Compared to medical therapy alone, LVADs dramatically improve long-term survival. In the REMATCH trial, a study to determine the use of LVADS as an alternative to heart transplants, survival was approximately four times longer with the Heartmate II® device in comparison to treatment with medications alone in a similar population of heart failure patients.
There are potential complications related to being supported with an LVAD. Patients will need blood thinners to avoid clotting of the device or thromboembolic stroke, a type of stroke caused by the interruption of blood flow to a part of the brain from a blood clot in an artery. Blood thinners, however, increase the risk of bleeding. Additionally, the presence of an implanted device and a driveline puts patients at risk of infections. As a result, careful monitoring is required.
Survival outcomes at Mass General for LVAD procedures are higher than the national average. Our implant volume continues to grow and our LVAD population continues to be successful. Additionally Mass General is home to one of the largest transplant centers in New England, with about 50% of our LVAD patients progressing to transplant.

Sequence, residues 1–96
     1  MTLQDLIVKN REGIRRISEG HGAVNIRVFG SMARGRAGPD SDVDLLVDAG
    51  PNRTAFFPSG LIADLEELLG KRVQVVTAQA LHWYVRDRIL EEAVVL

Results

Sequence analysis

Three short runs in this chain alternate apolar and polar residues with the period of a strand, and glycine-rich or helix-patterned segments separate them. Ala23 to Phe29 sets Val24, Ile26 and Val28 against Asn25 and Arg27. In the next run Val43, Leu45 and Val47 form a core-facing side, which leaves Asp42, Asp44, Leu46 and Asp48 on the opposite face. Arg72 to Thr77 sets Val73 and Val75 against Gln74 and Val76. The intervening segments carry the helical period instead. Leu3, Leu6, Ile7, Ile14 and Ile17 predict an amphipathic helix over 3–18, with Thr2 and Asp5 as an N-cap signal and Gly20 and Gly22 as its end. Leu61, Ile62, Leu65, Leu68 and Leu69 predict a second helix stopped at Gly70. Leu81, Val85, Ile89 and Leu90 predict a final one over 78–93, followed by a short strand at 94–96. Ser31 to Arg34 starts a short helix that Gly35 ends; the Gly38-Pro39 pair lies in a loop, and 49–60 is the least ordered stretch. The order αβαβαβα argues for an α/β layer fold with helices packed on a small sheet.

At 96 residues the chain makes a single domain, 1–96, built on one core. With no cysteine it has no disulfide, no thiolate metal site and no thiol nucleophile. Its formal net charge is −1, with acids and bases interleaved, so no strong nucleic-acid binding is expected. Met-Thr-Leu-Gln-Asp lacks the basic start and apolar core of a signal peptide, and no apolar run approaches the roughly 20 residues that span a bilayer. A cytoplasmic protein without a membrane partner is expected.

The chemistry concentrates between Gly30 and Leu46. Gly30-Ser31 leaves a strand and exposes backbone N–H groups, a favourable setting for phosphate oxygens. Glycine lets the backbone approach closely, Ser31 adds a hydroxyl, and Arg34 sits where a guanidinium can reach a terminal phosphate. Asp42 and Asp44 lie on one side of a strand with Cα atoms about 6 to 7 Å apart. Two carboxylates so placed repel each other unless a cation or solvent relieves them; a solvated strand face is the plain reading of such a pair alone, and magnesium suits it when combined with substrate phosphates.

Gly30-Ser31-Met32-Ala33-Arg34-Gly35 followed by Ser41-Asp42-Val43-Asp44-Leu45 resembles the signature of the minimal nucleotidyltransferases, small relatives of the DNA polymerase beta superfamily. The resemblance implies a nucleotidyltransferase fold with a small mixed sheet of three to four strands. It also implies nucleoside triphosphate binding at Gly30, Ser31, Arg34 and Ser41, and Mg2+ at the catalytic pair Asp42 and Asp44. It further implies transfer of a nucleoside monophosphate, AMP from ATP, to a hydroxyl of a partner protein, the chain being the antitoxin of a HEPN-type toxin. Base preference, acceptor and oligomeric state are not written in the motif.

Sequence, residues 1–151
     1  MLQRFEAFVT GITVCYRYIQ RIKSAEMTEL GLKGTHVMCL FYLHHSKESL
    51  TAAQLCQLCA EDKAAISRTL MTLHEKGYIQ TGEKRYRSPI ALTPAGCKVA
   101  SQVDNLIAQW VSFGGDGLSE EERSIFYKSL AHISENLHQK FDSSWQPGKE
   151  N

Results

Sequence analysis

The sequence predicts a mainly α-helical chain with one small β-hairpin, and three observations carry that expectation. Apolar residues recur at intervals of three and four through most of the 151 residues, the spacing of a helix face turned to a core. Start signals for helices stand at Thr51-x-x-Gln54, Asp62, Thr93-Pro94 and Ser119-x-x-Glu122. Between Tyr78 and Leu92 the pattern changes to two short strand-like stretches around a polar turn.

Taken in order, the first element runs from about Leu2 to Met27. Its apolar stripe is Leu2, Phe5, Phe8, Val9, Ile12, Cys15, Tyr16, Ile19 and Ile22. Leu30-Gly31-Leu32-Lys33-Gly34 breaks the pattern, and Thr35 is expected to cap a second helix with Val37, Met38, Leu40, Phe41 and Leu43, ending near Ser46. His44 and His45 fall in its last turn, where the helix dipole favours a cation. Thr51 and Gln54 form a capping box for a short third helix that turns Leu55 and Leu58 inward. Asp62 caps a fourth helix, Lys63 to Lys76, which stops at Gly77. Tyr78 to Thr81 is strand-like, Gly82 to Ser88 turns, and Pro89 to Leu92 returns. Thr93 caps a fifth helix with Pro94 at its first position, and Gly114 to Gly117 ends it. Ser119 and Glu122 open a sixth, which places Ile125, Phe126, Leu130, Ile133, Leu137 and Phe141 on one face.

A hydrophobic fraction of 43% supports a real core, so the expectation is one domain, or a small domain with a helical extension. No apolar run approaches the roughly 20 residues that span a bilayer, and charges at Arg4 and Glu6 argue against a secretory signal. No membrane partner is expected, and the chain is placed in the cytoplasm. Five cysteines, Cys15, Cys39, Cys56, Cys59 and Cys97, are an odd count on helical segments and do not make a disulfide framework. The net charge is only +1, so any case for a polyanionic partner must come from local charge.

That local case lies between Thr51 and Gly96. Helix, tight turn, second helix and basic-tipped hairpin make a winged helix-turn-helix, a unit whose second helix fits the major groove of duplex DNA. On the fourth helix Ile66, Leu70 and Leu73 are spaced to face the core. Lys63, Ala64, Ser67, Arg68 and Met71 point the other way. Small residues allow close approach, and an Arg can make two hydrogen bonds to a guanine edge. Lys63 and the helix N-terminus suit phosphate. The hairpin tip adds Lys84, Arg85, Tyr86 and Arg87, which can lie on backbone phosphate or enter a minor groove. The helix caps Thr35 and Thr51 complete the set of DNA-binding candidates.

Highly Experienced, Personalized Care
The Mass General MCS Program consists of highly experienced practitioners who have a very successful track record of working in close collaboration with patients and their families to achieve excellent long-term outcomes. Mass General patients supported with MCS also achieve long-term survival rates that significantly exceed national and international averages.
Devices used at Mass General are designed for patient-specific needs. In addition to currently available devices, our team uses innovative and investigational devices. These state-of-the-art devices are smaller, more durable, quieter and have been shown to improve survival and quality of life.
Meet Our Team
The Mass General LVAD Program consists of cardiologists, surgeons and Ventricular Assist Device (VAD) coordinators.
- Medical Director, Mechanical Cardiac Support Program
- Surgical Director, Heart Transplantation and Ventricular Assist Devices
- Member of Faculty, Harvard Medical School
- Medical Director, MGH Cardiac ECMO Program
- Co-Director, Resynchronization and Advanced Cardiac Therapeutics (ReACT) Program
- Department of Medicine
Alexandra Anthony, RN, BSN
Janice Camuso, RN, BSN
Tara Logan RN, BSN
Katherine Milley, RN, BSN
- Jan | 17 | 2017
Cardiac resynchronization therapy (CRT) is one of the most common treatments for patients with moderate to severe heart failure, and uses a device to aid the contraction of the heart's ventricles.